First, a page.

Billie quirks an eyebrow. “Is she though?”
“I… no, I guess not.”
I swear to God she smiles. “Haven’t lived with her long and you already get the gist. She’s a right terror. You’re in our thoughts.”
“I’d rather live outside than bunk with her,” says Ronnie. “You’re stronger than I am.”
“Well, so far so good.” I mirror Billie’s smile, hoping I look more comfortable than I feel.
The teacher, a man named Mr. Preston, enters the room and calls us to attention. I spend all of class trying not to look too eager, either to impress the teacher or for friendship, even though I’m starving for both. Once class ends, Billie and Ronnie get up. I start to follow them out when the teacher pulls me aside.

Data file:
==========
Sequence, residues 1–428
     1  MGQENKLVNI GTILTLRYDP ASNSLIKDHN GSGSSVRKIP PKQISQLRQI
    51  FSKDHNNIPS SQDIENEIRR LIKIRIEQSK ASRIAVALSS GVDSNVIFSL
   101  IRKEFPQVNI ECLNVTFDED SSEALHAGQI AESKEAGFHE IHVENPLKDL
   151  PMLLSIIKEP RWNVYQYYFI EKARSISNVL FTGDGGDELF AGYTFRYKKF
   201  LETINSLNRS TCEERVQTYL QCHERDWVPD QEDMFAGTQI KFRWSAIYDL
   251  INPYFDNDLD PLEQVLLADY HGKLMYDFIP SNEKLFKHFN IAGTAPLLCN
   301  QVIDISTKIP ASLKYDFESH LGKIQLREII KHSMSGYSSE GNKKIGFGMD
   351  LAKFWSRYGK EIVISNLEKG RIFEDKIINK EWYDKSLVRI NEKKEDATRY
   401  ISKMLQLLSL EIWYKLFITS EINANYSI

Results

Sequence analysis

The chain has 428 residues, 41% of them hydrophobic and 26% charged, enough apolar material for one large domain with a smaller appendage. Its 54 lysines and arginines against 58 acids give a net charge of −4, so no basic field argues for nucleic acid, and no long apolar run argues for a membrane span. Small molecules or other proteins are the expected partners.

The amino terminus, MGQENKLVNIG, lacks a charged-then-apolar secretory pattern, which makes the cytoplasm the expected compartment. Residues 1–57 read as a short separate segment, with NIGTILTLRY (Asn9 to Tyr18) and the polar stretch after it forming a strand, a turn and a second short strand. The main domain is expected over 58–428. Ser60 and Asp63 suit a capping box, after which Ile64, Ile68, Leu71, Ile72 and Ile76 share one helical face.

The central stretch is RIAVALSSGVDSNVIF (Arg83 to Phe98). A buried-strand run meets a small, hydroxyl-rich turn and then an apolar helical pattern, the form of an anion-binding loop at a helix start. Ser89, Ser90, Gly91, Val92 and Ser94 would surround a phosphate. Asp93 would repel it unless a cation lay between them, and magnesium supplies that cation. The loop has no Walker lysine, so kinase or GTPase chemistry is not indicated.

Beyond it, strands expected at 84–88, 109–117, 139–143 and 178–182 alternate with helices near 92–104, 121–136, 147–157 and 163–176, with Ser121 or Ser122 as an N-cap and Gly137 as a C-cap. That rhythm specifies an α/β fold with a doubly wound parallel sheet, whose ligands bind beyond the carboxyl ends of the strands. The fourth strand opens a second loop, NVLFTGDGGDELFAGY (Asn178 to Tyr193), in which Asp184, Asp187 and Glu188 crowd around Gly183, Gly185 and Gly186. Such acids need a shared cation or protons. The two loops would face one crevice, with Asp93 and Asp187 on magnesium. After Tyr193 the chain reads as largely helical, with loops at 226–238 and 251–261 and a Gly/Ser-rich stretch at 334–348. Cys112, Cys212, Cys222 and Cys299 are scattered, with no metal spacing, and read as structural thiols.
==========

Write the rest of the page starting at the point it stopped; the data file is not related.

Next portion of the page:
Billie and Ronnie either don’t notice, or they don’t care. I’m not sure which is worse.
“Uh… Rosemary, is it?” Mr. Preston begins. I can already tell from his tone of voice that this won’t be a fun conversation.
“Rose,” I say.
He falters, then forgoes my first name altogether. “Miss Abbott, I wanted to let you know… well, given what happened at your last school…”
Wait, he knows about that? My face catches fire. “If it’s all the same to you, I’d rather not discuss that.”
“I’m sure you wouldn’t. I just wanted you to know, I’m happily married. And, if you want to make a good grade in this class, you’ll have to work hard, like everyone else. Any… extra credit will be announced in advance and will be open to everyone. During school hours.”
My whole body burns. “Excuse me?”
“I won’t repeat myself. Do you understand?”
All I want is for the ground to open up and eat me. “Y-yes, sir.”
“Excellent. Have a good rest of your day.”
How can I do that, though, when my teacher insinuated that what happened with Nathan is my fault? That I’m a predatory temptress who lured someone saintly off the straight and narrow?